We’ve been hearing for years now of how banks are acquiring fintech startups to help advance their technology capabilities.
On Thursday, we heard about a deal that was actually the opposite – a fintech startup acquired a bank. Specifically, mobile banking startup Jiko Group has bought Mid-Central National Bank in Wadena, Minn.
Both the Federal Reserve and Office of the Comptroller of the Currency and the Federal Reserve Bank of San Francisco approved the transaction. But it was a process. The deal comes after three years of “rigorous” R&D, testing and auditing, the company said.
The purchase marks the first time a fintech company has completed the acquisition of a nationally-regulated U.S. bank, according to CNBC. Jiko’s plan is to roll out its platform at scale to the general public.
Jiko did not disclose the purchase price but CEO and co-founder Stephane Lintner told FinLedger the sale price of the bank – which has about $100 million in assets – fell in the range of a Series A round.
Founded in 2016, Bay Area-based Jiko is a decentralized full-stack bank with 23 employees – 15 of which are software engineers. What’s different about Jiko’s model is that it doesn’t hold customer deposits. Rather, it uses funds to buy short-term Treasury bills (T-bills).
The Jiko account generated a 3.3% annualized return last year, according to CNBC, which is much higher than the interest rates most banks and credit unions offer. But rates have since declined due to the coronavirus pandemic.
“Treasuries are a wonderful instrument,” Lintner told American Banker in November 2017. “They’re an extremely safe instrument. They’re yielding.”
The company claims that because of its proprietary technology, which includes “elements” of blockchain technology, “an investment can act as a liquid and spendable alternative to cash.”
“We’ve rebuilt it all, including the ledger, or database,” Lintner told FinLedger. “It stores and allows transfers as fluidly as possible, while being designed for privacy and scale. And it’s all cloud-based. We try to keep everyone as private and safe as possible.”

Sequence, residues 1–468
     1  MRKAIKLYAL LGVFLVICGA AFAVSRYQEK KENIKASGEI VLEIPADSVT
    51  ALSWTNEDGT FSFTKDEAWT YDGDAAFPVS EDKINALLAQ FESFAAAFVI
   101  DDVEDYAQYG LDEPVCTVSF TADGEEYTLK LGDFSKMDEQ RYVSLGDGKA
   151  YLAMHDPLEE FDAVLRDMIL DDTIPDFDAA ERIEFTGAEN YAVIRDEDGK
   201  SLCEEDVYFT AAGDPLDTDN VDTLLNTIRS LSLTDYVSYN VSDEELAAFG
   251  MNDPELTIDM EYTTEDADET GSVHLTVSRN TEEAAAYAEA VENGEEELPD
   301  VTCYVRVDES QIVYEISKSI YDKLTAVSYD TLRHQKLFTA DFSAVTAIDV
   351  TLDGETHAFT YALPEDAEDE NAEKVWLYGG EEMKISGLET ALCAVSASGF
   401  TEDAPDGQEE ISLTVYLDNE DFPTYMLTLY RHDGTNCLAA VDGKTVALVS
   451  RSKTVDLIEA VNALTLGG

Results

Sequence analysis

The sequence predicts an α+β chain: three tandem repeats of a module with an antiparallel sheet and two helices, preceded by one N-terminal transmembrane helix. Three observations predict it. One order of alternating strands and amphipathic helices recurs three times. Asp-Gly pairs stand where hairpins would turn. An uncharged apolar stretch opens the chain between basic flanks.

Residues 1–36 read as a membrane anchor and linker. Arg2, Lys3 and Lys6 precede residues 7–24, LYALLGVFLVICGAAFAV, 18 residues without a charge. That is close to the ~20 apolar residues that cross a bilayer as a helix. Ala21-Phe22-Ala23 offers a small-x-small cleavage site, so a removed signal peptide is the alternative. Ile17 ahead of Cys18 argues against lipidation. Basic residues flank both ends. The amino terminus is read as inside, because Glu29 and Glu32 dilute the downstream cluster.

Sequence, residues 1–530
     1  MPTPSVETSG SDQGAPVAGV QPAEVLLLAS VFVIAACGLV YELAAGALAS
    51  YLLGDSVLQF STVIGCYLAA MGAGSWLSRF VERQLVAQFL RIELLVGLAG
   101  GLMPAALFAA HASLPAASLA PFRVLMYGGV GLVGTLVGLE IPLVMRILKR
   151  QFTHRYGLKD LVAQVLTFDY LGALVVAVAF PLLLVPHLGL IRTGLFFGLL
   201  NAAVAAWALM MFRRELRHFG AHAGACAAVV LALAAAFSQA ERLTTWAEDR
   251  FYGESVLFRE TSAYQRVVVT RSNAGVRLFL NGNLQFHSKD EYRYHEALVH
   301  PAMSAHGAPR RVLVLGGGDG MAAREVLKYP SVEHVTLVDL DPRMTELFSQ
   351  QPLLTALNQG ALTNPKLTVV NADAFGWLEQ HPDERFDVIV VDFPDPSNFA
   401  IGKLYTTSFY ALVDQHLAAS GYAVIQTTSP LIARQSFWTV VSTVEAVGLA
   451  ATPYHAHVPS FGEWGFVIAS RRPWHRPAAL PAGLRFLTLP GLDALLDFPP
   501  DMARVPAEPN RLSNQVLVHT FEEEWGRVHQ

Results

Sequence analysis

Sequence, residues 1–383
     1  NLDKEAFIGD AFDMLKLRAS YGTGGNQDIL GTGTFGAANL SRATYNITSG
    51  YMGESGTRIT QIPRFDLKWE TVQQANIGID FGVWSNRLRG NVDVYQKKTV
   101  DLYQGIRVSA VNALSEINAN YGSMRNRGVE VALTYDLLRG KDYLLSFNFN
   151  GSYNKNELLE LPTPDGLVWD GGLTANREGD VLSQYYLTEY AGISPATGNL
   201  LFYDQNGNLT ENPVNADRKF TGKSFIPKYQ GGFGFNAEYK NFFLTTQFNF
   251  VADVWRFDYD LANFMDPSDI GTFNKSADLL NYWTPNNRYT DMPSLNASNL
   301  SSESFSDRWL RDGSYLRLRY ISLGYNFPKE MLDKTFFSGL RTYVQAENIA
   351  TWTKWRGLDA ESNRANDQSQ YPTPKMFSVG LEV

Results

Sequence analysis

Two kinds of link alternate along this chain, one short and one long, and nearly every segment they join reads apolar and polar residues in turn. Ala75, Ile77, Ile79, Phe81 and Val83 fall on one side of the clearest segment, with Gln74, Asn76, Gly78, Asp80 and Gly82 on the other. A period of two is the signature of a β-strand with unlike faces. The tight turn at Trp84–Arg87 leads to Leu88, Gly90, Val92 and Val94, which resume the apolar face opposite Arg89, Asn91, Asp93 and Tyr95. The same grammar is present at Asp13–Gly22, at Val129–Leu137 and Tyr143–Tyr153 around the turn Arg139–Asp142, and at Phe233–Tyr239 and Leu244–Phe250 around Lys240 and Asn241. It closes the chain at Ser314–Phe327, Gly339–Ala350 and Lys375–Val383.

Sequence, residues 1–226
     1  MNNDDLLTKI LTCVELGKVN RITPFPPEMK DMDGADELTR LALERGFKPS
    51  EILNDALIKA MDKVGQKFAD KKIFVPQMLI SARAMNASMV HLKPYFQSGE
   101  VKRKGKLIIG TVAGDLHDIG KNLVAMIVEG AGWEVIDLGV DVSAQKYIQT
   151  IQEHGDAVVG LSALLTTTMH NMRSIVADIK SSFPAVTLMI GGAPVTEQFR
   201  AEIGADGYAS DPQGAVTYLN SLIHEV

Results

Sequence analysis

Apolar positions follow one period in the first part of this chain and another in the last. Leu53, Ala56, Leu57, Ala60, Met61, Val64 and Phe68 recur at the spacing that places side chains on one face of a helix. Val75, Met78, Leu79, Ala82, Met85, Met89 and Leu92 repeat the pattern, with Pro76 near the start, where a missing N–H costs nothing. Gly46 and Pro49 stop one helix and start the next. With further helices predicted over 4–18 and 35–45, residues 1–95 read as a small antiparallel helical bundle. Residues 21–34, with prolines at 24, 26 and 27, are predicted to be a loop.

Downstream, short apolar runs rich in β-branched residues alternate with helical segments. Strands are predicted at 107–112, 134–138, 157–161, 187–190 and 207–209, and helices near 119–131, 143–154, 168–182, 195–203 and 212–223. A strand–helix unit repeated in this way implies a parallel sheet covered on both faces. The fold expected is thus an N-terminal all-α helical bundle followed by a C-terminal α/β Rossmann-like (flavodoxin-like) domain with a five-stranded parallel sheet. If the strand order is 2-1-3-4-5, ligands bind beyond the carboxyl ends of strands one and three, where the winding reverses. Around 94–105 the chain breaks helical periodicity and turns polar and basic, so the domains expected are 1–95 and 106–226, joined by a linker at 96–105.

With its product launch, Jiko plans to do “a lot” more hiring across product, business development, compliance and operations, in addition to more engineers.
Since 2017, Jiko says it has invested “heavily” in its core infrastructure, which links payment rails with real-time, 24/7 principal trading capabilities on T-bills. Jiko also is a card processor, so as Lintner puts it, a customer can swipe their card while paying for a meal or drinks on a Saturday night and liquidate their T-bills at the same time.
The company also recently acquired banking and broker-dealer licenses. This puts it in a position, Lintner said, to deliver on its mission of “deploying a platform that gives everyone the opportunity to control and benefit from their money.”
The company’s next step is to launch a fluid mobile app that will be available to the general public.
“People’s relationship to money must be fundamentally improved for everyone,” Lintner said. “One of Jiko’s primary goals is to give people what they deserve: more organic and direct returns, without intermediaries and unnecessary friction.”
One thing the company does not plan to do? That’s lend.
“If you want to scale and grow a technology platform that can deliver value to 300 million Americans, you need to decouple deposit taking from lending activity,” Lintner told FinLedger. “FIrst we’re focused on simplifying money storage and embedding our core platform everywhere we can.”
The main purpose behind acquiring the bank was to get the appropriate charter, license and supervision to scale and launch its app.
“We’re ready to launch a product and start doing integrations, and we won’t have the risk of someone saying ‘it’s too much risk,’ for example,” Lintner said.
Meanwhile, things won’t change for the bank’s 7,000 existing traditional customers unless they want them to, he added.Jiko is venture-backed, having raised a total of $9.4 million from investors such as Upfront Ventures and Embark Ventures, according to Crunchbase.
Prior to co-founding Jiko, Lintner served as managing director at Goldman Sachs, operating as a senior strategist on the Equities Trading Floor where he modernized various businesses across the floor, including exotic derivatives to ETFs, swaps, and other products, according to his Crunchbase profile.